Sessions also noted that he, as Attorney General, defended the president’s travel ban order, a case the Department of Justice eventually won when it reached the U.S. Supreme Court.

“We defended the president’s travel order,” Sessions said. “We are litigating aggressively against sanctuary cities. A lot of people accused us of not winning but they were able to file cases in favorable jurisdictions and get initial rulings winning but we’re reversing a lot of those cases. The big one, the initial one, the travel ban it was called, they [the Supreme Court] gave an emergency order allowing 90 percent of it to be in effect. It’s in effect right now. We lost that in district court. Sally Yates, who was for less than a week Acting Attorney General, refused to defend that. We got her terminated and defended the president’s orders.”

 

 

 

 

Borneo – a world forgotten / Lt. Gen. E.M. Flanagan Jr.

Pacific Paratrooper

Australians landing on Borneo

Part of the wider Borneo campaign of the Pacific War, was fought between 10 June and 15 August 1945 in North Borneo (later known as Sabah). The battle involved a series of amphibious landings by Australian forces on various points on the mainland around Brunei Bay and upon islands situated around the bay. Japanese opposition to the landings was sporadic initially, although as the campaign progressed a number of considerable clashes occurred and both sides suffered relatively significant casualties. Ultimately, however, the Australians were successful in seizing control of the region.

Codenamed Operation Oboe Six, the battle was part of the second phase of the Allied operations to capture the island of Borneo. Previously in May a brigade-sized force had been put ashore on Tarakan. A total of 29,000–30,000 men were committed to the operation by the Allies, with the majority of the ground forces being…

View original post 954 more words

VA Healthcare and the Failure of a Government-Run System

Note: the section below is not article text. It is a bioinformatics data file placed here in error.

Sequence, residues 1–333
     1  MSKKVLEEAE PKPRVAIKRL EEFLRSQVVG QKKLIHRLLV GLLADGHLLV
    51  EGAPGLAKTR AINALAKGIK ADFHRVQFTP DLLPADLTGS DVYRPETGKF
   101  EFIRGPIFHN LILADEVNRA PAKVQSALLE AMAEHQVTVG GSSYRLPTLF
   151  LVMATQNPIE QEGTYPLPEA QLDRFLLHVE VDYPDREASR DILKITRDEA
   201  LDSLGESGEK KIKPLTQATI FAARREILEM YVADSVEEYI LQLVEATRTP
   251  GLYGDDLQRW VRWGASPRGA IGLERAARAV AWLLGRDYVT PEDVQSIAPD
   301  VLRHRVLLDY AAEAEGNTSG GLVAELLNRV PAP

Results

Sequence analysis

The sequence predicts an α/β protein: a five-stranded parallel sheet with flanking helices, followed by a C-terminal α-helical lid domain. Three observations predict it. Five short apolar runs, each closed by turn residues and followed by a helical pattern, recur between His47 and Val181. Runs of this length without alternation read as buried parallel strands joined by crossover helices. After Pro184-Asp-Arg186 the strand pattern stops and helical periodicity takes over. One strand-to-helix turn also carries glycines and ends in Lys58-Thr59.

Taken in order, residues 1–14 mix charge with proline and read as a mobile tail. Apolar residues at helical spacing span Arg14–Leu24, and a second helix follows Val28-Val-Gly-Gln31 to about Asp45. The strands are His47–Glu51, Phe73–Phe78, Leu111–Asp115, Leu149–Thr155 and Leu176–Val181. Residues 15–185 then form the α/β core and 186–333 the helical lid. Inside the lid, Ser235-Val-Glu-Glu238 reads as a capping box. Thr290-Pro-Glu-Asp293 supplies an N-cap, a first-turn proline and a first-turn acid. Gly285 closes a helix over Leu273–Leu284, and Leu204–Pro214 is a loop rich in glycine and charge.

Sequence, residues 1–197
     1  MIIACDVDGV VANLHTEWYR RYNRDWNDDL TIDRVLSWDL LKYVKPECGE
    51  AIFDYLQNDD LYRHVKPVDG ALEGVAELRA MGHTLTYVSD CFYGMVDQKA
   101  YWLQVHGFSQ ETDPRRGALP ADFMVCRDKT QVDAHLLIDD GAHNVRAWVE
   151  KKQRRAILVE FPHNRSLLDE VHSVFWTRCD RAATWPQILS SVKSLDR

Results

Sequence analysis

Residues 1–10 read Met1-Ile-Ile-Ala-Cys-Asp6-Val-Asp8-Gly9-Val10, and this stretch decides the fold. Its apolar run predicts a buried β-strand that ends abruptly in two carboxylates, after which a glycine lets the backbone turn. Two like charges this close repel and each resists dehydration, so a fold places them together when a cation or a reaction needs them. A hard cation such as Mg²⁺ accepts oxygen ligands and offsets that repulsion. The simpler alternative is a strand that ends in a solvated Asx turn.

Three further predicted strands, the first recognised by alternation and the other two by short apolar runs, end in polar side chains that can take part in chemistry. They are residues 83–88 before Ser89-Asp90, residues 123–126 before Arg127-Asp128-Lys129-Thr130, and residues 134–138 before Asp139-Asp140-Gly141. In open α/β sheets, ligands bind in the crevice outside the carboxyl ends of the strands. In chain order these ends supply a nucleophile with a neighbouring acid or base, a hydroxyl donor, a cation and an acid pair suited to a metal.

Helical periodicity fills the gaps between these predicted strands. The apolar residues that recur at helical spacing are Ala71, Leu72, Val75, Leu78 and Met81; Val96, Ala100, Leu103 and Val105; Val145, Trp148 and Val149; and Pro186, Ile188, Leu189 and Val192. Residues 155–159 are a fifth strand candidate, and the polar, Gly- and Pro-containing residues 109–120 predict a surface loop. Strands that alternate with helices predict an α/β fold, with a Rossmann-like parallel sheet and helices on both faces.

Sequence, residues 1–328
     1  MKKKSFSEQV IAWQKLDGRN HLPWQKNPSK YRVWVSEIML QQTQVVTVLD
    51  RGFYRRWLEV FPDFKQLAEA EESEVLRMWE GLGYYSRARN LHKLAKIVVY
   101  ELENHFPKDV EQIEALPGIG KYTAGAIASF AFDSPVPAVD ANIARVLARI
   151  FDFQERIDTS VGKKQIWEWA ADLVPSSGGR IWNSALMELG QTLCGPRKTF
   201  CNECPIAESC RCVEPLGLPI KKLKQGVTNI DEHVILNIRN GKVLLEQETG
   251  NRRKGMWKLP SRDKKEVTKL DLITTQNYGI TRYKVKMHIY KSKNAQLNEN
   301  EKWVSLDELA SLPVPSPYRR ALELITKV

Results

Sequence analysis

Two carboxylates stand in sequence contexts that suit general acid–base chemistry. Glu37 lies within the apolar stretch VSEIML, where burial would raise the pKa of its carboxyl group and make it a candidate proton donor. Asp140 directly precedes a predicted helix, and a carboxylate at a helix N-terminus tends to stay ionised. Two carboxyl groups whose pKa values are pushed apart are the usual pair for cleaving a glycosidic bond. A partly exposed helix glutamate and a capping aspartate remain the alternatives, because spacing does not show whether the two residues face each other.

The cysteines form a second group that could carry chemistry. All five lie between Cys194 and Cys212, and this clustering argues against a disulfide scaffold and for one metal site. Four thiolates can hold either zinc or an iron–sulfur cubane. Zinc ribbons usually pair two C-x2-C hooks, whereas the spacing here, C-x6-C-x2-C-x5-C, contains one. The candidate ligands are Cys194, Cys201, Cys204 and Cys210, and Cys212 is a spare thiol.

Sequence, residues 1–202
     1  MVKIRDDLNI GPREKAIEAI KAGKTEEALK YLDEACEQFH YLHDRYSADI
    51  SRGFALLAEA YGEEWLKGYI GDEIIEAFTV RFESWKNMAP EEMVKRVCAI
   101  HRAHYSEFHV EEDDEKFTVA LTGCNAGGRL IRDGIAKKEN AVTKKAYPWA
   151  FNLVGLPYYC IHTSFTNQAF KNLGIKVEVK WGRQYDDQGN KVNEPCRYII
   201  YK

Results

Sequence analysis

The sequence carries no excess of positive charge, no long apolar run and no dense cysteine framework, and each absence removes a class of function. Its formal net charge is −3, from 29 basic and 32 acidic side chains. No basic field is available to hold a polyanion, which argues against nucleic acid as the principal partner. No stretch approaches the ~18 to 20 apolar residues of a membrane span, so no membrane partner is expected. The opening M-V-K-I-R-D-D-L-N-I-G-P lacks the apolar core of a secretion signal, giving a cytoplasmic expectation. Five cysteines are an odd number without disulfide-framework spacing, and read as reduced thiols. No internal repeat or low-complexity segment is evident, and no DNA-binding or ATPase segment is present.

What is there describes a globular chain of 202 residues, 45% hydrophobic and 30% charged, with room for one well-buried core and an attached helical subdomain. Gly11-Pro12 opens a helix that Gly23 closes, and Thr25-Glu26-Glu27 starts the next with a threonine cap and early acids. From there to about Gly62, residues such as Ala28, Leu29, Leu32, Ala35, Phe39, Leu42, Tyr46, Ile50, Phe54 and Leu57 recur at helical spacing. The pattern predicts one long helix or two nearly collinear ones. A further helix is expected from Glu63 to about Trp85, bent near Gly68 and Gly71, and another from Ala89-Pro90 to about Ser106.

H/T Town Hall.

I have friends and family that are veterans and I saw the way the Veterans Healthcare system failed them.

I have Medicare due to disability and it is a giant cluster fu@k.

In less than a year, Americans will choose a president who will chart the course for the country, with ramifications that could affect many future generations. Healthcare is one such issue. Every Democrat presidential candidate advocates for more government involvement in healthcare. Most endorse some variation of socialized medicine. The most extreme candidates, like Senators Warren and Sanders, call for an end to private healthcare insurance, meaning that 180 million Americans who receive this through work, would lose it. Some candidates want to return to failing Obamacare and prop it up by introducing a government run health insurance option. This veiled attempt to offer greater flexibility in coverage is nothing more than a Trojan Horse which would ultimately lead to a single government run system. This is because over time, private insurance cannot compete against a government sponsored competitor and will be squeezed out.

Americans have been ‘hoodwinked” already with promises that we could keep our doctors if we liked them; keep our insurance if we wanted; go wherever we wanted to receive healthcare. These guarantees were as unrealistic and disingenuous as the promises now being made by the Democratic hopefuls. Who can take seriously claims that a government run system which will cost $52 Trillion would actually save Americans money in the long run?

Socialized healthcare is failing around the world. Waiting lists for doctor appointments are measured in months, not days. The wait for surgeries can be even longer in systems that have made the calculus that money can be saved if the patient dies in the interim. That is the only way that a government run system can exist- by rationing care. More than 4.5 million Brits languish on waiting lists for care. Last year, almost 1 million surgeries were cancelled in the UK for non-health related issues. One needs to look no further than at our very own Veterans Administration Health System for a glimpse of what is in store for Americans if the government runs our entire healthcare system.

The problems at the VA paint an ominous picture of how the government has bungled healthcare. Customer service is non-existent because there are no repercussions for bad behavior. Employees cannot be fired. The institution runs like all government bureaucracies. There are equipment and material shortages. Red tape and employee indifference lead to compromised patient care. Veterans continue to die on waiting lists for care. The Computerized Patient Record System (CPRS) utilized throughout the VA system looks like it could have been created by a third grade student in its uselessness as a healthcare tool. It actually compromises care.

At the VA in Iowa City, hundreds of diagnostic tests were cancelled in an attempt to shorten the waiting list. The Baltimore VA has been cited for excessive surgical wait times. At the Atlanta VA, surgery has been cut back over 50% because of personnel shortages. Of the 170 VA hospitals around the country, 40% had ER wait times that exceeded 5 hours.